May. 21st, 2017

norfolkian: Holtzmann from Ghostbusters licking a gun (Default)
[personal profile] norfolkian
I cooked this last night and it ended up not being what I'd planned. We just got back from holiday yesterday and I didn't fancy venturing too far from home, so I popped out to the small local Asda for some ingredients in the afternoon. I'd been planning to do something with spring onions, but the spring onions in Asda did not look very appetising, so I bought some red onions instead. And this was the result.

I've suggested using more spice than I actually put in, because mine ended up being a little on the bland side, but you can adjust according to your taste. You could also make this with thighs on the bone which may help to make it more flavourful - you'll just need to increase the cooking time a little.

Serves 3-4

Ingredients
A small amount of olive oil (I usually use around 1 tsp)
4 large skinless, boneless chicken thighs
2 red onions, sliced
4 garlic cloves, crushed
250g chestnut mushrooms, sliced
1 red pepper and 1 green pepper, cut into strips
2 heaped tsp smoked paprika
1 400g tin chopped tomatoes
salt and pepper to taste
handful of fresh coriander, chopped

Method
Pre-heat the oven to 180C (fan-assisted). Heat the oil in a cast iron casserole dish or a saucepan which can be used in the oven. Add the chicken thighs and cook until brown all over. Add the onions, garlic, mushrooms and peppers and cook for a few minutes until it's all just starting to soften. Add the paprika, give it a good stir and cook gently for about a minute. Add the chopped tomatoes and season with salt and pepper. Give it a good stir, then place the lid on the casserole and then put it in the oven. Cook for 30-40 minutes until the chicken is all cooked through and everything is soft and melty and yummy. Garnish with the fresh coriander. Serve with rice.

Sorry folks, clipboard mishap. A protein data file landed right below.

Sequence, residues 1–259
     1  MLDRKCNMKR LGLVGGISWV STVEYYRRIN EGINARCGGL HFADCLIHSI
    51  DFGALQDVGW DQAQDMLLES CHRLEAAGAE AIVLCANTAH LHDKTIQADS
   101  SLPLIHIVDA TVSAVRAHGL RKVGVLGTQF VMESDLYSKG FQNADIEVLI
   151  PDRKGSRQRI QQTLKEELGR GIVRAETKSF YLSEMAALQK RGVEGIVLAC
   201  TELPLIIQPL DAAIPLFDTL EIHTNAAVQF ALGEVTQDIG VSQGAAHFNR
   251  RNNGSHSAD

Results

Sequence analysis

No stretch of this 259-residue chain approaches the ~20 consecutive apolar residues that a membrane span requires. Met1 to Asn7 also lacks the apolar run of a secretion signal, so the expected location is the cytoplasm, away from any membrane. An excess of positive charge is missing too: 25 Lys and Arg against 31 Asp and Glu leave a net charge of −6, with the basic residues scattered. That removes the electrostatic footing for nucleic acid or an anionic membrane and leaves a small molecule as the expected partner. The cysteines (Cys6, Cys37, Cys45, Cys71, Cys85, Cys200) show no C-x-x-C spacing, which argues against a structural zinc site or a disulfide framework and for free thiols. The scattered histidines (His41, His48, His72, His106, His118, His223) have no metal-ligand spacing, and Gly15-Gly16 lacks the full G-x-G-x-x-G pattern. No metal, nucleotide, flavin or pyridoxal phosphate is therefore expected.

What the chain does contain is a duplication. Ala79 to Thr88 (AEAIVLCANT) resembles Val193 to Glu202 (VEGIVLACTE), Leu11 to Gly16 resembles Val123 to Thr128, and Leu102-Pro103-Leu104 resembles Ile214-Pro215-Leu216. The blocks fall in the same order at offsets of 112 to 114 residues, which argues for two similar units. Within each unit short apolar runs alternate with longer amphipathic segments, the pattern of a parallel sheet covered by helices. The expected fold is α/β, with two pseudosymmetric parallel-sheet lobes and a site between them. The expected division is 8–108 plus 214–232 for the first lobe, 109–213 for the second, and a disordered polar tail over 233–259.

el_staplador: A yellow bird is depicted eating grapes in a stained-glass window (om nom nom)
[personal profile] el_staplador
Almost ten years ago, I was an au pair for my aunt and her family in a village near Frankfurt am Main in Germany. On one occasion we went to a fair and picked up a bottle or two of Federweisser - very, very young wine. And my aunt made Zwiebelkuchen to go with it. Because that's what you do.

'Every family,' says my aunt, 'has its own recipe.' Hers is a lovely tangly oniony mess on a bread base.

The following recipe is not really Zwiebelkuchen. In fact, the book I got it out of calls it Farmhouse Potato Pie, but to me it's much more about the onions. It's in no way authentic, but I find that it's very evocative. It's a hassle, so I don't make it often, but it's gorgeous, so I do make it sometimes. It's the right sort of hassle (for me, at least): you can do a bit at a time, and go and have a bath while the base is chilling, etc, and the washing up isn't too bad if you do it as you go along.

I usually have it in the autumn, with cider, but it's worked very nicely in May, with a Spanish red wine. So there you go.

Recipe under the cut )

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